The governor of the Central Bank of Nigeria (CBN), Mr. Godwin Emefiele, said yesterday that he expects inflation in the country to drop at a faster rate to single digit by next year, as food prices decline.
Emefiele who gave a keynote address at the launch of Afrinvest 2017 Banking Sector Report on the London Stock Exchange (LSE) said as the economy begin to hit thresholds on inflation and other gauges, he expects the Monetary Policy Committee (MPC) of the apex bank would begin to look at interest rate cuts a bit more favourably and think about easing.
“We are very optimistic that food prices will come down and as they come down, it will help to complement the reduction in core inflation,” Emefiele told journalists on the sidelines of Afrinvest 2017 Banking Report launch at the London Stock Exchange, adding that he expected a “more aggressive moderation.”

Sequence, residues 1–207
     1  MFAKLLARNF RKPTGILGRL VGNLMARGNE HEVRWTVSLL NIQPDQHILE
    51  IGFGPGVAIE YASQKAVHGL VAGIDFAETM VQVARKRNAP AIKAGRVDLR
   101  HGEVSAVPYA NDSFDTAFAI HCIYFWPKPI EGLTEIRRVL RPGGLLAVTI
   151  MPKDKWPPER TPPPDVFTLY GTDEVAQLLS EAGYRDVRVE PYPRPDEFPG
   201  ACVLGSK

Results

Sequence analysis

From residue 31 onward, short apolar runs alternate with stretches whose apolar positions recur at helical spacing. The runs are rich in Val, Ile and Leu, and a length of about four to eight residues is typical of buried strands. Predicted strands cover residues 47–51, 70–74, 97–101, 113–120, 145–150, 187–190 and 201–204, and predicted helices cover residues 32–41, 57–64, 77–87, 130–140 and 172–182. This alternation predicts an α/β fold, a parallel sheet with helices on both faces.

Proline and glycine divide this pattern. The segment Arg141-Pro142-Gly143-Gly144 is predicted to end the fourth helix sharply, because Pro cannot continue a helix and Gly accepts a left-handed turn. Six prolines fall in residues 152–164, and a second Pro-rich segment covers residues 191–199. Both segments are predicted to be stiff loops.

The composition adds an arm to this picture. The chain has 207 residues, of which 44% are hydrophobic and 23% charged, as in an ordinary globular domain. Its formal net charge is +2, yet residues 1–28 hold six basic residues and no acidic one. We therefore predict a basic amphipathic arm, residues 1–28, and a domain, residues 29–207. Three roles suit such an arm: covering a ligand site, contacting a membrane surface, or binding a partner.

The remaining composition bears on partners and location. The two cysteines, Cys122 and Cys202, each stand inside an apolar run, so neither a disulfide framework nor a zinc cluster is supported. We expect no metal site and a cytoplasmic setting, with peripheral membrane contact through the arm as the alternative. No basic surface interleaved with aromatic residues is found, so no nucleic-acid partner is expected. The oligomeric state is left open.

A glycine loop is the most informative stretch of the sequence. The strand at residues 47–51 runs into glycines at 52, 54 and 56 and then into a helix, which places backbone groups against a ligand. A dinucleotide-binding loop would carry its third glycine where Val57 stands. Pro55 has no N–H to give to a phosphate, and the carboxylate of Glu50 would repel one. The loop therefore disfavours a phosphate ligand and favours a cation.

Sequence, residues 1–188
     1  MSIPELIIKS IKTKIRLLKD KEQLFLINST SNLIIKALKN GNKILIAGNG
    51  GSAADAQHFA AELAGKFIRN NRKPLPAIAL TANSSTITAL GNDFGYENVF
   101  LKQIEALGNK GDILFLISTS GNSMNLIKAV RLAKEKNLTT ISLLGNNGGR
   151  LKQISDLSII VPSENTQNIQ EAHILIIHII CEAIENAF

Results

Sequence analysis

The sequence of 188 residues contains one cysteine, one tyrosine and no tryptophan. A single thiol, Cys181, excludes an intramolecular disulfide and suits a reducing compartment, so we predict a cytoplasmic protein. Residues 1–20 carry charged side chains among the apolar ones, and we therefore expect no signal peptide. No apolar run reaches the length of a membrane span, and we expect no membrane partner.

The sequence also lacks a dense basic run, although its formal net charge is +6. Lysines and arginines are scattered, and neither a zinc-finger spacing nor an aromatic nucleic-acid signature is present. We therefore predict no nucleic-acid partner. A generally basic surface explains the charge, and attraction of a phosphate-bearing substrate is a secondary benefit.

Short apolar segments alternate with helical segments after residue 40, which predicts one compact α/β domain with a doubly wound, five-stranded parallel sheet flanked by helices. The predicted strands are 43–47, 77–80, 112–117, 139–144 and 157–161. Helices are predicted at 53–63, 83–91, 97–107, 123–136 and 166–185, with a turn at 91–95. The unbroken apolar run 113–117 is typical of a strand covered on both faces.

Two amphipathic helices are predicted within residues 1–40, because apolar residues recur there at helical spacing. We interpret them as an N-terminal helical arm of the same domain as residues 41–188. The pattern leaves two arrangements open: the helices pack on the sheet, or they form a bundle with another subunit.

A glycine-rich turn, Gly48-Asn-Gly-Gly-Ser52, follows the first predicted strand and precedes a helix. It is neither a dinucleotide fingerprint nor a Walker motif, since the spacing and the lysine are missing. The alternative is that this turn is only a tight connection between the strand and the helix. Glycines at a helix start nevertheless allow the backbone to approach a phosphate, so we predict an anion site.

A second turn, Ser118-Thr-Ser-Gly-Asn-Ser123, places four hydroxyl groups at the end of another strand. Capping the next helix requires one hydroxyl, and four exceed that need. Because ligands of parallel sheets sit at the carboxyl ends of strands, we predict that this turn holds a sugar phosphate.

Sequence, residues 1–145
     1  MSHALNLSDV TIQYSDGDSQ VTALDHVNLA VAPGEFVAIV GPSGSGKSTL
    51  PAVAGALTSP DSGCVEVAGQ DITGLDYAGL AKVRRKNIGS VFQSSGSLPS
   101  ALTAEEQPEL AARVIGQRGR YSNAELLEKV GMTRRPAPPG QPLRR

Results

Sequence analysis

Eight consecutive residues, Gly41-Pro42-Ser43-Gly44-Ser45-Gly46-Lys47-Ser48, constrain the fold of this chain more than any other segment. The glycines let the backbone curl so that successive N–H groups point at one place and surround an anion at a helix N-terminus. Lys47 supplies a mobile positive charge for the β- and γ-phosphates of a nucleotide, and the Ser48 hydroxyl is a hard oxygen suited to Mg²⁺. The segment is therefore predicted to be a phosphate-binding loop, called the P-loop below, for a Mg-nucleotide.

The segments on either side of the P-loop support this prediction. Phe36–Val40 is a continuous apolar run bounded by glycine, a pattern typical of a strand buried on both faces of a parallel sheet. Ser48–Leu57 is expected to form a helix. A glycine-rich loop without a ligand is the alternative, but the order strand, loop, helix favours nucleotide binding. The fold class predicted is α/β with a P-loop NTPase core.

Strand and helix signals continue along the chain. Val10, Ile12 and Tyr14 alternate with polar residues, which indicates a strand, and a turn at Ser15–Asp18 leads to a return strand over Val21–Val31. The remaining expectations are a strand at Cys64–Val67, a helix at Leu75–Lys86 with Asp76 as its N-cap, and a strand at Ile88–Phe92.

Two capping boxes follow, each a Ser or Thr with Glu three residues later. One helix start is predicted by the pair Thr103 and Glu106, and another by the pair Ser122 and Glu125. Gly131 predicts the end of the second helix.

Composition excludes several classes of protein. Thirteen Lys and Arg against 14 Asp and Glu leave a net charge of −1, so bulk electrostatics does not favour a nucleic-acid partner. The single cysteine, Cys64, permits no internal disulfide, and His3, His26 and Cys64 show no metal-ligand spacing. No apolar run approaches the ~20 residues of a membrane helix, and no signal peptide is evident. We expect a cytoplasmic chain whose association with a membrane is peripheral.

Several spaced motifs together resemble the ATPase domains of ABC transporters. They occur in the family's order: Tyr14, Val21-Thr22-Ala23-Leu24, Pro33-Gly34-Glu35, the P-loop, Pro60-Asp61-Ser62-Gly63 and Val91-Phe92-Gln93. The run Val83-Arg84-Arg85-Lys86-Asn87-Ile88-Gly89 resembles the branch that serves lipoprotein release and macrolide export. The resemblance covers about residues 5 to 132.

“We are hoping that by the middle of next year we should begin to approach the high single digits,” he said.
Around nine percent would be a good target.
“I would like to see low interest rates and I would like to see low inflation and I would be happy to see it as quickly as possible. When? I cannot categorically say.”
Answering question about the outlook for unifying the country’s multiple exchange rates, Emefiele said Nigeria needs to see more foreign investors coming and is analysing the situation on which further steps to take.
Data released by the National Bureau of Statistics (NBS) in its latest publication of the Consumer Price Index showed that Nigeria’s annual inflation rate marginally slowed for an eighth-month in September, easing to 15.98 per cent.
This was 0.03 per cent points lower than the rate recorded in August’s 16.01 per cent, making it the eighth consecutive decline in the rate of headline year-on-year inflation since January 2017.
However, the food price index showed a marginal rise in inflation at 20.32 per cent in September, up from 20.25 percent in August.
Nigeria, which has Africa’s largest economy, emerged from its first recession in 25 years in the second quarter as oil revenues rose. But the slow pace of growth suggests the recovery remains fragile.